“Himalayan Viagra” — the World’s Costliest Fungus — Is Added to IUCN Red List

Yartsa gunbu (Cordyceps Sinensis) sliced in half .       Photo: Daniel Winkler, NPR

by Julia Fine, ODP Contributing Writer

This week Shivani Azad reported in Times of India that the “world’s costliest fungus,” Ophiocordyceps sinensis, was placed on the International Union for Conservation of Nature’s Red List of Threatened Species as a “vulnerable” species. The fungus, better known as “Himalayan Viagra,” yields profits on the global market between $5 billion and $11 billion  — in traditional Chinese medicine, it is a panacea for a  wide variety of medical issues, including as an aid to sexual performance. The fungus is found in the Himalayan regions of Nepal, Bhutan, India, China, and Tibet, and is largely consumed in China. The harvesting of the fungus, according to India’s forest department, “pose[s] a serious threat to the sensitive ecology of the region.”

Why This Matters: On the one hand, as the study noted, these harvesting practices will impact climate change in the upper Himalayas, a region extremely sensitive to ecological changes. But on the other hand, as the Kathmandu Post reported, the fungus is the main source of income for many families in the Himalayan regions. As one collector said candidly, “We will die of hunger if we don’t collect [the root] this season.” The story of Himalayan Viagra demonstrates the need for a people-centered conservation strategy that thinks not only of the region’s survival, but also on the people dependent on the land’s resources.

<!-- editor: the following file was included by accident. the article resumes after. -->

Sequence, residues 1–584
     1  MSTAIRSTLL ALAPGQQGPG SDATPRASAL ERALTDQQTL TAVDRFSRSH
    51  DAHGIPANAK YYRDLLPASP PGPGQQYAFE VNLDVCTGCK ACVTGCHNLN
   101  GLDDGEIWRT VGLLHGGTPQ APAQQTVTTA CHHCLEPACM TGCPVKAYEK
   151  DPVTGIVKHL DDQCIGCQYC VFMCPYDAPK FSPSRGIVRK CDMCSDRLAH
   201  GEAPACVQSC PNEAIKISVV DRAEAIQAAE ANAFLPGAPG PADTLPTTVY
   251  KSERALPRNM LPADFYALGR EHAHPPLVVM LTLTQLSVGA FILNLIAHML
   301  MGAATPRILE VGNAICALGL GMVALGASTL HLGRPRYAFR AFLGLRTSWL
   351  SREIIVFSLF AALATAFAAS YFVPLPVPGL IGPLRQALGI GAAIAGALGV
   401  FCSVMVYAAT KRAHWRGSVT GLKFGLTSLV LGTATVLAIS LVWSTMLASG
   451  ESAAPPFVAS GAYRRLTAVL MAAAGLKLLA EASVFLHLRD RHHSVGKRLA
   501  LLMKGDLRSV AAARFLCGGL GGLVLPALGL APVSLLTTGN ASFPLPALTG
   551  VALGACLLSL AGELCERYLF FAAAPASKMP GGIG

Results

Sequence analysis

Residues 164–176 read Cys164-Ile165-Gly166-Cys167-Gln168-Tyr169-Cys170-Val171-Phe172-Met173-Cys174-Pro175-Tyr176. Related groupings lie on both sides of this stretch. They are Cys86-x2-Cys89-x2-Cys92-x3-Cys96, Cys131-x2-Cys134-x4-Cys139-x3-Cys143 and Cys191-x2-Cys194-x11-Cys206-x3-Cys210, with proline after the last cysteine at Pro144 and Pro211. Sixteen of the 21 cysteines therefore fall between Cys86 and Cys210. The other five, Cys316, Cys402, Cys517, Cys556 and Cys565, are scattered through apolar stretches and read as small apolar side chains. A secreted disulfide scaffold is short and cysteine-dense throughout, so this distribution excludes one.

Been There, Done That

Already this year, the harvesting of the fungus, known as yarsagumba, was banned in certain fungus-growing regions in Nepal due to the COVID-19 pandemic, as during harvest season “tens of thousands of people swarm over the Himalayan foothills in Rukum, Dolpa, and Bajhang districts in western Nepal to collect the herb.” In light of the global pandemic, the COVID-19 Crisis Management Committee in the Bajhang District prohibited the collection of the fungus this year, in order to prevent the spread of the disease.

Many collectors in the affected regions protested the decision, collecting the fungus in spite of the prohibition. As one collector Ganesh Bohara told the Kathmandu Post, “We are defying the ban to go pick the herb because if we don’t then we will have nothing to eat next year. We will take the risk of going to prisons.” In light of the response, some municipalities have decided to lift the ban, while others have not, imposing a hefty fine on those who collect the plant. The fact that a ban on collection has already failed in Nepal due to concerns about survival suggests the way similar prohibitions will go, if measures are not made to protect the livelihoods and economic conditions of collectors.

Impact of the Red List